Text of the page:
The long-term goal of this project is to gain FDA approval for commercialization of a broad- spectrum small-molecule antiviral agent that is effective in treating Ebola virus (EBOV) and Marburg virus (MARV). These pathogens are major biothreat agents for which there are no approved therapeutic options or vaccines. The developed drug will inhibit a conserved human cellular target whose activity is necessary for infection by these and many other prominent human disease causing viruses. Targeting the host factor minimizes the risk of resistance development while the widely used nature of the targeted protein allows for utility against multiple viral pathogens including newly emerging ones. The lead molecule is a proprietary class of macrolactone inhibitors of the H+ vacuolar ATPase protein complex (V-ATPase). V-ATPases are responsible for acidification of endosomal compartments through which many viruses require passage before they can escape to the cytoplasm for replication. The current lead being developed is saliphenylhalamide, (SaliPhe). It has shown in vivo activity against influenza A (IAV) and unlike its predecessors, shows significant selectivity indices. Tests show it is active in vitro against drug resistant IAV, EBOV, Dengue fever virus (DENV), alphaviruses (i.e. VEEV, SVF), and other viral pathogens. First, at least 1 g of SaliPhe will be synthesized along with a late stage intermediate from which 100 mg each of three analogs, shown to have similar in vitro antiviral activities and selectivities, will e made. Second, these compounds will be screened in vitro for EBOV and MARV efficacy to inhibit infection. Vero cells will be used for the initial screens followed by isolated murine macrophages and human monocyte derived macrophages since such cells are initial and primary sites of EBOV infection. Selectivity indices (SI = EC50/TC50) will be calculated for each virus and cell line and each will be submitted to specific toxicology assays including hERG and AIMs. From these results, a backup lead to SaliPhe will be chosen based on best selectivity for EBOV and MARV and toxicology-assay results. Third, the preliminary effect(s) of SaliPhe on the entry of pseudotyped EBOV and MARV will be studied to see how the drug affects the virus glycoproteins (GPs) that respond to the decrease in endosomal pH created by the V-ATPase pump. This will validate SaliPhe's action and provide a basis for more extensive Phase II studies. Fourth, the ability of SaliPhe to inhibit EBOV infection in a pre-exposure and post-exposure mouse models will be shown. SaliPhe will be given by subcutaneous continuous infusion at doses over 10 days proven to be effective for IAV and cancer models. Each arm will have 10 female BALB/c mice. Blood and organs will be collected, weighed, and viral titers determined. The overall aim is to show the feasibility of treating EBOV and MARV infections with SaliPhe to document its promise to be a broad spectrum antiviral with low potential for development of resistance.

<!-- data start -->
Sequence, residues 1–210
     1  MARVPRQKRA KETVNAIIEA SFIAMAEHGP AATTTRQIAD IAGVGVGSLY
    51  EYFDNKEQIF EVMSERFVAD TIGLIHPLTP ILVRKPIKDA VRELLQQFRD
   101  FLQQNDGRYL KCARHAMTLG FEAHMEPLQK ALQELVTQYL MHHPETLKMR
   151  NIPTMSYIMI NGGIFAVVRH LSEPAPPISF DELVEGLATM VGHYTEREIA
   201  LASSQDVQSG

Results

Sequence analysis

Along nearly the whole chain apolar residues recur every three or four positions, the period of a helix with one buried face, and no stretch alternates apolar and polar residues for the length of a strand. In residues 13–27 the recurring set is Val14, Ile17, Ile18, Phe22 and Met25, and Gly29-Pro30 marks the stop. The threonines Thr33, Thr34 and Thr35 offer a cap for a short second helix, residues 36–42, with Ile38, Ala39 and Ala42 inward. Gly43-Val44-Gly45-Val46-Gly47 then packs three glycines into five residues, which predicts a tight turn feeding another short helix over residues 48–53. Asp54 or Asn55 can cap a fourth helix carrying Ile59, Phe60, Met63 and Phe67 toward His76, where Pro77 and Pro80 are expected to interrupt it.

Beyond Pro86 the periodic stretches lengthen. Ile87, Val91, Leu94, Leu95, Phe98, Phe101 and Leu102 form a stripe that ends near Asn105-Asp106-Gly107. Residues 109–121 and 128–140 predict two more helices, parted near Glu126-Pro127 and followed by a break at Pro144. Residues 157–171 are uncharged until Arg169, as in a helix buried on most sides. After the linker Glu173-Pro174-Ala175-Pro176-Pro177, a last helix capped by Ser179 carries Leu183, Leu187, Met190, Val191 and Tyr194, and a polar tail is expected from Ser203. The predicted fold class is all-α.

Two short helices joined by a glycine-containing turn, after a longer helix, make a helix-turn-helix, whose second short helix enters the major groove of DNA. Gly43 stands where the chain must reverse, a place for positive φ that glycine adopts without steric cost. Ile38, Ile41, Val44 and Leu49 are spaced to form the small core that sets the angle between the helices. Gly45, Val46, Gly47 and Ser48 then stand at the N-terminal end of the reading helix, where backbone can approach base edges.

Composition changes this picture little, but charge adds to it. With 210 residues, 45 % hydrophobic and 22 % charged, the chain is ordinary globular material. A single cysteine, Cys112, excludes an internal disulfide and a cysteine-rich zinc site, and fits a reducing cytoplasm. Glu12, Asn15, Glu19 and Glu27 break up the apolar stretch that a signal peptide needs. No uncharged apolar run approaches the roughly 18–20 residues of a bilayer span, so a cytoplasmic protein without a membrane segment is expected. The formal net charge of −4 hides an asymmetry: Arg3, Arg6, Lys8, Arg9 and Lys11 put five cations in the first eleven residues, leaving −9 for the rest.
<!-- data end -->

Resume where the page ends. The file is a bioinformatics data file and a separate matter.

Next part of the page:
The Ebola virus and Marburg viruses are significant pathogens and bioterror threats with mortality rates up to 90%. With March/April 2014 outbreak killing at least 90 in central Africa and nearly annual outbreaks, virus spread by air travel or intentional release is of great concern as its disease would cause mass panic with major economic disruptions since there are no vaccines or drugs available. The efforts proposed here are to show the feasibility of a new broad spectrum antiviral to treat infections of these pathogens.